Believe it or not, IT spending will increase and it will be permanent

By Barb Cole- Gomolski, InfoWorld |  Business

IF YOU'VE BEEN watching the stock market roller coaster and listening to the gloomy predictions about dot-coms, you may think that things are looking bleak for those of us in the IT profession. You may think that companies will begin to rein in IT spending, and that budgets will shrink.

Despite some less-than-stellar indicators, I believe the opposite is true, and so do many of the people who made it down to Orlando, Fla., last week to the Gartner Symposium/ ITxpo.

Much of the conference centered around how further investments in IT will allow companies to exploit the strong economy we continue to experience.

Follow the money

We know that until recently, IT investments were largely made to improve productivity in post-sale, back-office operations. In short, IT investments were used to automate routine processes and were typically implemented as a cost-saving measure. But e-business is dramatically changing the way businesses operate, and the investment needed to make this happen isn't small. E-procurement, e-recruiting, and other e-enabled processes are not just about improving efficiency. Rather, such processes are about improving the effectiveness and, dare I say, innovation within our companies.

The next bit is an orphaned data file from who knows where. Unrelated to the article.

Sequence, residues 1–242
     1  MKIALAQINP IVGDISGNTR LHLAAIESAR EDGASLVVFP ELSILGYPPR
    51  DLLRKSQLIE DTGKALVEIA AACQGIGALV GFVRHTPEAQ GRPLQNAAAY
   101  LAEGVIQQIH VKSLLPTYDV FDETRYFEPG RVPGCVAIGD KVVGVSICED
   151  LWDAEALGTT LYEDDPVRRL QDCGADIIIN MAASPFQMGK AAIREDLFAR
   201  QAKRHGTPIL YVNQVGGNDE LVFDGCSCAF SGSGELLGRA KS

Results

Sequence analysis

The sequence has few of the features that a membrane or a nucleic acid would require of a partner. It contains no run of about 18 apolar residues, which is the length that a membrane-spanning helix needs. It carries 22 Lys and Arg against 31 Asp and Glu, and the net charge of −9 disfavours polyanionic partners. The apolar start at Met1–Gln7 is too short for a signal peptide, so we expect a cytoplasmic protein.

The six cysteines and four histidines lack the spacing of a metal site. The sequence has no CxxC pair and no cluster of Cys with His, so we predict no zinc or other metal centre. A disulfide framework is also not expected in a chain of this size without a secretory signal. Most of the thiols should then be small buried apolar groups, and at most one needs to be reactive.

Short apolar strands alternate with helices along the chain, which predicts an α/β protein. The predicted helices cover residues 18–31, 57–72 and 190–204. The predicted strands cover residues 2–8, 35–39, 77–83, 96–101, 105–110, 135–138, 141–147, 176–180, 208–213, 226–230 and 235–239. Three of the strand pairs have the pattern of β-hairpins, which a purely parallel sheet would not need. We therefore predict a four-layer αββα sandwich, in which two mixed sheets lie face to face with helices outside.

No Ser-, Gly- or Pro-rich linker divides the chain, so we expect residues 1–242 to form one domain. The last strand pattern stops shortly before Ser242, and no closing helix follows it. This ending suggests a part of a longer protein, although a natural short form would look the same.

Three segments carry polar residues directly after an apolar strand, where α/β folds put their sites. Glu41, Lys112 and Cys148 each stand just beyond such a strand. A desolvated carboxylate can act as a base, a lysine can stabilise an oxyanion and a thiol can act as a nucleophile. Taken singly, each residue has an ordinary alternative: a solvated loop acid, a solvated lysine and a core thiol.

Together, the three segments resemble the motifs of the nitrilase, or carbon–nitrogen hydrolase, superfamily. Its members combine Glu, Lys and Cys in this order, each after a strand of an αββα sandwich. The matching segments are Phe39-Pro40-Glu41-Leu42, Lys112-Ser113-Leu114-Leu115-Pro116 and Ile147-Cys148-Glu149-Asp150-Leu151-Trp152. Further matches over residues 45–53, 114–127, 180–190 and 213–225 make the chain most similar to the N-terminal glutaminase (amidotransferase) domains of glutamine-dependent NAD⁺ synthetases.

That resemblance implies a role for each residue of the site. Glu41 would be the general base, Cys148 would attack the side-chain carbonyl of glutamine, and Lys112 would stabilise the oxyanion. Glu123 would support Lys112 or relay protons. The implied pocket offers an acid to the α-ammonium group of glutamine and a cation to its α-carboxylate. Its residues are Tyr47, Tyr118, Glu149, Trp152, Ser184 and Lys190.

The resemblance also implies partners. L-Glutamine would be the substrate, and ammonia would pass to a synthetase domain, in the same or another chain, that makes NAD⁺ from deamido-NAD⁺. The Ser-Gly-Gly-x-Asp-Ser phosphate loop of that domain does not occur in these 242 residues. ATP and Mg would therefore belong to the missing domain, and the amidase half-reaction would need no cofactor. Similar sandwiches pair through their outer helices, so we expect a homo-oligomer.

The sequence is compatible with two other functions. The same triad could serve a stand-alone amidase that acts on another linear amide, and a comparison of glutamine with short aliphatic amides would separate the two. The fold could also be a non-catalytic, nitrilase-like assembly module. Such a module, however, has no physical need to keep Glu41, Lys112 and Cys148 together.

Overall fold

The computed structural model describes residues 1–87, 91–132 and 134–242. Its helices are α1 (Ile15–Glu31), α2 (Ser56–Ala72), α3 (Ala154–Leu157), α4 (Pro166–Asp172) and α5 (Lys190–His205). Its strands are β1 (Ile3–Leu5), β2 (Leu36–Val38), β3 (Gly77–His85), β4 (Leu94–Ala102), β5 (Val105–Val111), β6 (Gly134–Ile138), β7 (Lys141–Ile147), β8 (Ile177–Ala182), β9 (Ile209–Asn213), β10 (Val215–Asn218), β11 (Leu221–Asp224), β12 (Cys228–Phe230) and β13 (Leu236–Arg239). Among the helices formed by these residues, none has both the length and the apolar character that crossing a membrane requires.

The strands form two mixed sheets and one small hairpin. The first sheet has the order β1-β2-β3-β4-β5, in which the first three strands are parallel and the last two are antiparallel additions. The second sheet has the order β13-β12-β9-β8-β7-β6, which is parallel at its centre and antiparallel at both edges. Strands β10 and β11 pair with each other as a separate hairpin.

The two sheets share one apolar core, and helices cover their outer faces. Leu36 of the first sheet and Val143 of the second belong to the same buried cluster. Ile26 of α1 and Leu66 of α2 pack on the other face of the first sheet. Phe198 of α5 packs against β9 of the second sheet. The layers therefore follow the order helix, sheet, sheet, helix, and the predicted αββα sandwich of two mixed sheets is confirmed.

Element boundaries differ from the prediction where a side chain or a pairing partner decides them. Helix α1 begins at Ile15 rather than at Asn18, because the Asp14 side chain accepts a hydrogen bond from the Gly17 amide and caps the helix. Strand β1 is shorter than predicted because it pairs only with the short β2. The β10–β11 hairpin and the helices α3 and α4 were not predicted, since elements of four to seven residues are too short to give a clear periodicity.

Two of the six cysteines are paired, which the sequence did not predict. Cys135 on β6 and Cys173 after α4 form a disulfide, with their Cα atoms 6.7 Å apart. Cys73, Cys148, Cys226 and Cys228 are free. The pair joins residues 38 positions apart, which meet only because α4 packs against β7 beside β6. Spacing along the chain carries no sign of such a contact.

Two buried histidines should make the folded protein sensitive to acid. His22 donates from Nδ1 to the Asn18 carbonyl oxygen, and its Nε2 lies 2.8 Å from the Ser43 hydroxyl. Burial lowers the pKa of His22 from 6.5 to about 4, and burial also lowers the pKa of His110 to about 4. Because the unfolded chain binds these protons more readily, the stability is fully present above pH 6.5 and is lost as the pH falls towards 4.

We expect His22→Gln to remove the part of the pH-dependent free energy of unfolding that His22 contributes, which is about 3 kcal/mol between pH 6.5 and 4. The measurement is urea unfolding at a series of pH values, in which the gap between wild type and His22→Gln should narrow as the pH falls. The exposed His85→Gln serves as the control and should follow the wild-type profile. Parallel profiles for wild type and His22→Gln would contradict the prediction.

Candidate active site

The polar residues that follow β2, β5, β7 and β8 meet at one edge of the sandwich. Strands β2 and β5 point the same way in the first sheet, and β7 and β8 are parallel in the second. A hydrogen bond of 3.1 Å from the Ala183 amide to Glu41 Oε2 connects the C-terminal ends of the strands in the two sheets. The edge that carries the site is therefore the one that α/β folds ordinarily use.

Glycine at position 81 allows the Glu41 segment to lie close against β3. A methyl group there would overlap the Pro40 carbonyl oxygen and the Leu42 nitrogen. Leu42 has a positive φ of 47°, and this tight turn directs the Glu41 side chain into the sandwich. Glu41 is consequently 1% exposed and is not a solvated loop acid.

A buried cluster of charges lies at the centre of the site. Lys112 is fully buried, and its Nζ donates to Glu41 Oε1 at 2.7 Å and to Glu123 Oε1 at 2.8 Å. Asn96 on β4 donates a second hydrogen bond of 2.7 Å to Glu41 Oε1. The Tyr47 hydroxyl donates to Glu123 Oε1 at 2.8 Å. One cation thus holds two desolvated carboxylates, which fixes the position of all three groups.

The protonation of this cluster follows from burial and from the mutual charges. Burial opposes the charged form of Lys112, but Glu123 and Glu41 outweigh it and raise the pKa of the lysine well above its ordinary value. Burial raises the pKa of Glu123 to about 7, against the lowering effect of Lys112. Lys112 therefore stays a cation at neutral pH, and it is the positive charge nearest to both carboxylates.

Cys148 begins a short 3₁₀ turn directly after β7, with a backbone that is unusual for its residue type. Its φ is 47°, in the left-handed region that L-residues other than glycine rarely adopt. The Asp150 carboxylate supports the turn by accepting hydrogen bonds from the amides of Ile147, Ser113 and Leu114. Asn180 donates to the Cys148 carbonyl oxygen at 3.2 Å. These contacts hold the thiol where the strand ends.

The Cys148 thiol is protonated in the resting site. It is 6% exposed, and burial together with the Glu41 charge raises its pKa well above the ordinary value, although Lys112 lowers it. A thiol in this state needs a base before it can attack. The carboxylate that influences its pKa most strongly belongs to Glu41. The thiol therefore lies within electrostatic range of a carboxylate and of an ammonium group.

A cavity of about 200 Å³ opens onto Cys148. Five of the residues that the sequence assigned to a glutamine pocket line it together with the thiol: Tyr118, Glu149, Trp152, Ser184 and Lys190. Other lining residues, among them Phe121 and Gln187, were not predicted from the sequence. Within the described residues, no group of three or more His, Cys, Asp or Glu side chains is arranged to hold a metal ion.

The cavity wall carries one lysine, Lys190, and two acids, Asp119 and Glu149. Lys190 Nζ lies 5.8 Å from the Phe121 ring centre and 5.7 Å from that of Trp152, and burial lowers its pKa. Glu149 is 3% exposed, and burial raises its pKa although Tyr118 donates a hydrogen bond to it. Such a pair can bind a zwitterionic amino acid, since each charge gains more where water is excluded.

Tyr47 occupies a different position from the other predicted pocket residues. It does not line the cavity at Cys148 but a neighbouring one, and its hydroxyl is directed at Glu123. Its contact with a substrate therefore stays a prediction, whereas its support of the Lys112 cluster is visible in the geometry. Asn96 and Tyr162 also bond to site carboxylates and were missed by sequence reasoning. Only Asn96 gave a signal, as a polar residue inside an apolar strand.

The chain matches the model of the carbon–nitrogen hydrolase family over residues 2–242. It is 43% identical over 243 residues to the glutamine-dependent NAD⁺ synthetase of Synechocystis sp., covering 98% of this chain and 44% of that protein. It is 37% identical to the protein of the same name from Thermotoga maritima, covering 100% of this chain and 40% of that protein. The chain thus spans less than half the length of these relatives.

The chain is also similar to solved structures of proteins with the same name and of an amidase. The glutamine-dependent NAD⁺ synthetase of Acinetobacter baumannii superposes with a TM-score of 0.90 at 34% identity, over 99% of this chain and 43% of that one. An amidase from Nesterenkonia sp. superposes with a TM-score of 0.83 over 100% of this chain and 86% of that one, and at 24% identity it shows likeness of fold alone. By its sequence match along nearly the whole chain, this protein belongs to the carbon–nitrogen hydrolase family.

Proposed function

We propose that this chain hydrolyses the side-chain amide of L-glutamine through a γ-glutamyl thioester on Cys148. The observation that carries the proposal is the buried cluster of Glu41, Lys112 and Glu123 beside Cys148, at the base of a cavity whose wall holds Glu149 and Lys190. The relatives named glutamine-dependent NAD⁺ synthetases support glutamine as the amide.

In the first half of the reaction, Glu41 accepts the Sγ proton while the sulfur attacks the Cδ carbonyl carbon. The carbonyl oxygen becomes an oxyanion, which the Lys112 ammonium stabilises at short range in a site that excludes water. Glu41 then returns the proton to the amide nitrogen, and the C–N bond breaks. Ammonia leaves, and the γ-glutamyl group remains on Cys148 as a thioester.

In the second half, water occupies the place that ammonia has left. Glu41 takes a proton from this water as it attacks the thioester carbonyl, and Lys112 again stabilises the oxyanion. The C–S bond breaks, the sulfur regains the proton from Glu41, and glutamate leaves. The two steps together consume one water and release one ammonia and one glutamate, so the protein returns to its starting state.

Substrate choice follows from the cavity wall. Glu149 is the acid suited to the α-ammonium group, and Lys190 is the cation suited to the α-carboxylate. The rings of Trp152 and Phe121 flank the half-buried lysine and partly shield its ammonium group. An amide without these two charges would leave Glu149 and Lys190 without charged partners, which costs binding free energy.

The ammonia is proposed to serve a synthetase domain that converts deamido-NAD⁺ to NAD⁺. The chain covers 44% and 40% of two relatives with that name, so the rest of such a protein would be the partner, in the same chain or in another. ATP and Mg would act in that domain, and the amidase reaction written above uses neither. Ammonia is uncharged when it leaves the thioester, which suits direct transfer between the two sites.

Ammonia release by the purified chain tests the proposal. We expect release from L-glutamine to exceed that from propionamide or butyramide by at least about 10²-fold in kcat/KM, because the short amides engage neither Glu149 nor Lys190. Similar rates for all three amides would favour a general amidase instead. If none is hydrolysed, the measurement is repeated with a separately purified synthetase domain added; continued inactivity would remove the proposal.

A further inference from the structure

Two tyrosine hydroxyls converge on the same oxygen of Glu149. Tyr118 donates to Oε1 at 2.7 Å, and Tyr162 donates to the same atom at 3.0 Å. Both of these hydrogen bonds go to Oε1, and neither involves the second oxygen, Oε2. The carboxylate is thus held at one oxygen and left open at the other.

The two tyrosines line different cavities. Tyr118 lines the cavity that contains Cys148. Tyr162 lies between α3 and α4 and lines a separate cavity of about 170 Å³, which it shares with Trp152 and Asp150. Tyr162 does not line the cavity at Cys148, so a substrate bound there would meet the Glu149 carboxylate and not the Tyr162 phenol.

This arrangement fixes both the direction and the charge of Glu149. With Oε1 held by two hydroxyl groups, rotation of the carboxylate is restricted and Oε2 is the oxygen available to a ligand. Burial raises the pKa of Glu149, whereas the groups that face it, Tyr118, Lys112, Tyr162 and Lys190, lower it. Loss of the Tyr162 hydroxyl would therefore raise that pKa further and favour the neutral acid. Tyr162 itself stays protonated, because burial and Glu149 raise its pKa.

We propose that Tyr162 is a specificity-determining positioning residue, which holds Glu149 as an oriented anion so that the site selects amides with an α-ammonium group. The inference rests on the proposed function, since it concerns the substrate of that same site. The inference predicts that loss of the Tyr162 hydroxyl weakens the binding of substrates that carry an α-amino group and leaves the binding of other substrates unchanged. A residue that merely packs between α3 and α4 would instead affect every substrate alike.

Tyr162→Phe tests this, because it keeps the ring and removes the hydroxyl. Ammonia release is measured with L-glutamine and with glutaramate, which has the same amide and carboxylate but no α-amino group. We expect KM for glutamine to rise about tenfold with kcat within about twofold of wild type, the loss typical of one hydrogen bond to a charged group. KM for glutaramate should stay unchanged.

One of my colleagues, Kurt Potter, says that as a result of e-business IT spending as a percentage of revenue will exceed 10 percent by 2005, as two-thirds of large companies funnel funds away from ERP (enterprise resource planning) and into e-business. Overall, e-business initiatives will consume between 30 percent to 50 percent of enterprise IT spending, according to Potter.

The message that "IT spending will increase and it will be permanent" is a difficult one to deliver to CEOs and CFOs, and it's often rejected. Already, IT spending in many companies has surpassed what the companies spend on real estate, human resources, and other infrastructure services, a fact that raises red flags in the eyes of top leaders. The common reaction of CEOs and CFOs when faced with rising IT costs is that IT is inefficient. "Why does it cost us too much to run IT?" is a litany I hear all the time.

Your CEO may wish to ponder the following Gartner predictions.

* More than 50 percent of each new IT investment dollar will serve business processes outside of the back office, especially the most critical revenue-generating processes.

* More than 50 percent of each new IT investment dollar will serve business processes outside of a client's enterprise, especially revenue-generating business-to-business processes.

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